John P. Martin Philadelphia Inquirer June 17, 2013 A pension fund for priests cited as a priority in a $200 million fund-raising campaign by the Archdiocese of Philadelphia has fallen precariously short of money, and church officials want parishes and retired clergy to help cover the shortfall. In meetings this spring, Archbishop Charles J. Chaput told priests the plan had been underfunded, poorly managed, and was spent on rising health-care costs for clergy, according to three priests who attended or were briefed on the talks. Chaput said the fund needed $90 million to be solvent but had less than $4.5 million, they said. Clergy living at the archdiocese's Delaware County retirement villa and other church-owned facilities are expected to contribute 40 percent of their pensions to the archdiocese, the priests said. And parishes' annual assessments to the pension fund will rise from $6,700 to about $9,300 per priest, they said. The changes come two years after the archdiocese ended a fund-raising campaign that made shoring up the priests' pension plan one of its goals. Kenneth Gavin, a spokesman for the archdiocese, said the policy requiring priests in church-owned facilities to refund portions of their pensions started in April. He would not discuss other changes or aspects of the pension plan, including what the archbishop said in his private meetings with clergy. Gavin said the archdiocese planned to release "detailed financial reports" about its spending and costs this summer. ........ Dioceses across the country have faced similar financial struggles in recent years, compounded by dwindling attendance, aging clergy, and the economic downturn. But the impact has been acute in Philadelphia, where more than a million Catholics and hundreds of priests are also grappling with the fallout from clergy sex-abuse allegations. "The caveat for priests was always that the diocese was going to take care of you," said one Philadelphia pastor nearing retirement who asked not to be identified discussing his employer's finances. "None of us knew when Chaput arrived here 20 months ago that the diocese was in this bad of shape." Chaput himself didn't know it, he conceded in an interview with The Inquirer in the fall. Only after moving from Denver in 2011, he said, did he realize that his predecessors in Philadelphia had relied on deficit-spending budgets for 15 years. His tenure since has included a drumbeat of grim financial decisions: shuttering schools, closing or merging parishes, and selling off assets, including the cardinal's residence on City Avenue and an oceanfront home for clergy in Ventnor, N.J. The archdiocese has 425 active priests, most living in rectories and other church-owned facilities across the region. It also counts 161 retired priests on its rolls, and cares for many of them. If they remain healthy, priests typically retire at age 75 and qualify for an annual pension worth half their final salary, usually about $12,000, clergy members said. Some leave to live with relatives or on their own in private homes. Others live in parish rectories, or at Villa St. Joseph, a church-owned retirement complex in Darby. But some of the older archdiocesan priests never registered for Social Security, and they end up retiring without a guaranteed government check or medical benefits, priests said. Adding to the pension fund was one of six goals highlighted during the "Heritage of Faith, Vision of Hope" fund-raising campaign launched in 2009. "Established in the early 1990s, the priests' pension plan currently has over $10 million in assets," literature for the campaign said. "In order to meet the anticipated needs of our retired priests, the pension plan requires an additional $40 million." That campaign sought $12 million for the pension plan and $3 million for renovations at Villa St. Joseph. When it ended in early 2011, the campaign had yielded pledges of more than $220 million, church officials said. Earlier this year, they publicly acknowledged that collections on those pledges had fallen short, and they downgraded their projected receipts to less than $180 million. Gavin, the spokesman, said $4 million in Heritage of Faith donations were transferred into the priest pension fund on Jan. 31. But he declined to elaborate or discuss updated totals for the rest of the money collected and spent, a topic the archdiocese is expected to address in its report this summer. One suburban pastor said the redemption rate on pledges "took a dive" soon after the campaign ended, about the same time a Philadelphia grand jury report led to the arrest of four current or former priests and the suspension of two dozen others accused of child sex abuse or misconduct. In his meetings with clergy, the archbishop specifically denied that their pension funds had been used to cover costs related to the suspensions or ensuing investigations, some of which are still open, the priests said. Last year, Chaput reported that the archdiocese had spent more than $11 million through June 2012 related to those cases. The abuse and misconduct allegations have had at least an indirect impact, pushing more priests into early retirement. Priests who have agreed to leave public ministry and accept a life of "prayer and penance" after being accused of sexual abuse or misconduct are eligible to collect their pensions, according to information on the archdiocese's website. At least 19 priests are now living under such restrictions, most on the same campus as Villa St. Joseph's. At least 25 other priests from the Archdiocese of Philadelphia have been laicized or voluntarily left the priesthood in the last decade. Church officials have not disclosed how many of those defrocked priests, some of whom were in the clergy for decades, collect a pension. Earlier this month, Gavin declined another request for that information. ........... Clergy pension funds have plunged in Boston and other dioceses, according to Charles Zech, who directs the center for the study of church management at Villanova University. Zech said he had not examined the financial situation in Philadelphia but wasn't surprised to hear about the pension-fund troubles. This archdiocese, he said, seems to have been battered by "a perfect storm of bad things happening at once." full article at Philadelphia Inquirer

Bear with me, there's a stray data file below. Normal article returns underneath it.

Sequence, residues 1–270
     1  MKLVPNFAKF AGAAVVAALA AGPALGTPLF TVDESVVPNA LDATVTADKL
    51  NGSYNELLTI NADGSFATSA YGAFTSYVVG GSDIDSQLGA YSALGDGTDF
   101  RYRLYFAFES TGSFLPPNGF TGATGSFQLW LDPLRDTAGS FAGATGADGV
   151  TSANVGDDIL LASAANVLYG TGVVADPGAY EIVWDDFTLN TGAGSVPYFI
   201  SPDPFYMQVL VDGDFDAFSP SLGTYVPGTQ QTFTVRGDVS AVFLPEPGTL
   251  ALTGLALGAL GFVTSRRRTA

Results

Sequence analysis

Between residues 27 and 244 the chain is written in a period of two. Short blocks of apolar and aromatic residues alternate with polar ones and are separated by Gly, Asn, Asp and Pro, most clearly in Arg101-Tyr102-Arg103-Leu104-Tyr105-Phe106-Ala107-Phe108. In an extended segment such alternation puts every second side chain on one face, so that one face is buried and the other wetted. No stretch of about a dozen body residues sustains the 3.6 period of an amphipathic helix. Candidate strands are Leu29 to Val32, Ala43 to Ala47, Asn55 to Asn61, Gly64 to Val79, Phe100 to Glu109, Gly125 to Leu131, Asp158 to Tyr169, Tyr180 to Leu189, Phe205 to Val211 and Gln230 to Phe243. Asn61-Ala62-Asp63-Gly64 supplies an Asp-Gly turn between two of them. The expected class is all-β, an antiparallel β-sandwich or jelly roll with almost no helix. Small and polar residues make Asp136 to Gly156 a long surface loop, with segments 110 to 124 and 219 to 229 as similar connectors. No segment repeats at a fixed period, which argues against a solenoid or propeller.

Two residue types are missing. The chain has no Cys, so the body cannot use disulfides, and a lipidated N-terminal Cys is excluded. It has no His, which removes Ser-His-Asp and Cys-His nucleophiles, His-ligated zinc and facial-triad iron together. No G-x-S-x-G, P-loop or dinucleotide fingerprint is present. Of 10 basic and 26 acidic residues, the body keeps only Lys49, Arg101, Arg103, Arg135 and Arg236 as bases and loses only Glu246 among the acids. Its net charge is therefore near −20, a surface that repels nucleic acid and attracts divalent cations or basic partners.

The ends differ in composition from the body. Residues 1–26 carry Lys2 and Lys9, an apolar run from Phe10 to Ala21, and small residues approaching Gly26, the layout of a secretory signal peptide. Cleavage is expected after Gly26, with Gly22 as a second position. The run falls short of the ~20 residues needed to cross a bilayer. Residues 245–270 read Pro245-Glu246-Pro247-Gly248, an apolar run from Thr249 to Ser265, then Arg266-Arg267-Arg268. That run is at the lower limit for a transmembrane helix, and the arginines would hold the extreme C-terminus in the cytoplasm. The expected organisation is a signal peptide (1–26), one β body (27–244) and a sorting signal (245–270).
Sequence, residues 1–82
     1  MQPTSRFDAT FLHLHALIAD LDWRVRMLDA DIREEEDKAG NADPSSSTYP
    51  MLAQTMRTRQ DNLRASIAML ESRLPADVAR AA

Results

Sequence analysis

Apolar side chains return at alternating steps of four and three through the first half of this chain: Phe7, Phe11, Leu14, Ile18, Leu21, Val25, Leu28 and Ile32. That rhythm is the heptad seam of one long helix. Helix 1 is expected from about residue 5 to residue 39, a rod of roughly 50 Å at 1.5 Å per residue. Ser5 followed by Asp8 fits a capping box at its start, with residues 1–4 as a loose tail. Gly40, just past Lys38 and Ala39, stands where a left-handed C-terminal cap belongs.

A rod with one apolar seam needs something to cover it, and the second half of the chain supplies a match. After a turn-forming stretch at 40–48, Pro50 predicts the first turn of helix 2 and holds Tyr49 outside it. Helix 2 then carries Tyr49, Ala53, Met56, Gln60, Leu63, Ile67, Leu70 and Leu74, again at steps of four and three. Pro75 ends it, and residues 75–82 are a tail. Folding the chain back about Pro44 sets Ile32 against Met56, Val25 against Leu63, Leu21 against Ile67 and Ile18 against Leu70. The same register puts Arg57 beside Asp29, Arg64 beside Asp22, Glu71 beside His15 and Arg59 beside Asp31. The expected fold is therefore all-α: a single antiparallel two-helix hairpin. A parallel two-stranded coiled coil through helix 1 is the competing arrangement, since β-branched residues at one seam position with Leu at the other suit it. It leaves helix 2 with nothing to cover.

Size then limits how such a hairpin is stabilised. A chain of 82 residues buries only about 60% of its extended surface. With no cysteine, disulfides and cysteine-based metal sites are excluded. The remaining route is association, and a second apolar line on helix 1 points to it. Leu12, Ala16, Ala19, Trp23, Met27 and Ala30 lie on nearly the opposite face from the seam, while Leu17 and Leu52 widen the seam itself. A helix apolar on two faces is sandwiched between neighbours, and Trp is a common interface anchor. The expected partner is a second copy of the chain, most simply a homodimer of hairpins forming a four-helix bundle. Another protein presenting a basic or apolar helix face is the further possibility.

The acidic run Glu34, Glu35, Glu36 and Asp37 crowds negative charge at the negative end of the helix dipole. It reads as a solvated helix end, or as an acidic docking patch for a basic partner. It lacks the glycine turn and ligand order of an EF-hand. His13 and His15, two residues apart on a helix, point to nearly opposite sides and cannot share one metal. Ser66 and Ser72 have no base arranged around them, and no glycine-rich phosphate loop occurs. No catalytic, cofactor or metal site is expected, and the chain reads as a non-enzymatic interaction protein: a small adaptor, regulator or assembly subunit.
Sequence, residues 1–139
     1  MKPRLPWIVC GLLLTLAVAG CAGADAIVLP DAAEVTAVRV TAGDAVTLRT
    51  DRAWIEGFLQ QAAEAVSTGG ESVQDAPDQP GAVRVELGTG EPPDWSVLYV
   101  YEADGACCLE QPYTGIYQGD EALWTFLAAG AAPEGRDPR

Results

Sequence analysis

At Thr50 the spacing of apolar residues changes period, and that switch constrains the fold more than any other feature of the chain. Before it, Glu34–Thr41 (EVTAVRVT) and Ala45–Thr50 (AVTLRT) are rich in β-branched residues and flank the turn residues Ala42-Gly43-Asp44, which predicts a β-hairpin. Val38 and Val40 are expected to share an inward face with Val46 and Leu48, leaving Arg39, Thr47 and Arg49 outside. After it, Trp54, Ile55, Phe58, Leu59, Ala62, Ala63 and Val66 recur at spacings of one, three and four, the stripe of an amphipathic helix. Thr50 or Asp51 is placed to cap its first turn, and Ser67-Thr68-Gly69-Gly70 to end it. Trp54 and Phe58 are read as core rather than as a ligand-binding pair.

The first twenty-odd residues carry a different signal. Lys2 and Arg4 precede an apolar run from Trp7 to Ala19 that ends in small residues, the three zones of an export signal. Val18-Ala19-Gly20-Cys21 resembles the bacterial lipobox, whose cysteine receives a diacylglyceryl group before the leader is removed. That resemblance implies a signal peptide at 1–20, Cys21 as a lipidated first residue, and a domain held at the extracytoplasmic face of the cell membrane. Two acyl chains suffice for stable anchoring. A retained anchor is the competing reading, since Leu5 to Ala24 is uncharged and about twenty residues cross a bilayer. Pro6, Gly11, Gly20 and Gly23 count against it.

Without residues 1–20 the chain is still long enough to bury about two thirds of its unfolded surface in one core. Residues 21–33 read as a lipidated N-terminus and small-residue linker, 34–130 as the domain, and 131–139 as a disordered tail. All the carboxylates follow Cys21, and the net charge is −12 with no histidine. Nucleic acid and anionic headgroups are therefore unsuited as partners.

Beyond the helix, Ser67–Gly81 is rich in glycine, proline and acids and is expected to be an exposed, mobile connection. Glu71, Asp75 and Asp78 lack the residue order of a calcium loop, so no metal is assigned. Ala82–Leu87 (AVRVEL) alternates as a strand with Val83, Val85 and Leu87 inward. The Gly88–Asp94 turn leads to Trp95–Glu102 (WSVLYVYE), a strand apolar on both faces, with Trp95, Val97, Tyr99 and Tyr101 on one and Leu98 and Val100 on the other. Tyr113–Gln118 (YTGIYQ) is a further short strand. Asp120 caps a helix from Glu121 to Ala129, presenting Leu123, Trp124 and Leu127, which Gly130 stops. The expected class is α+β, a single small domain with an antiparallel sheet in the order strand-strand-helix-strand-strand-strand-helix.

Saturday, June 15, 2013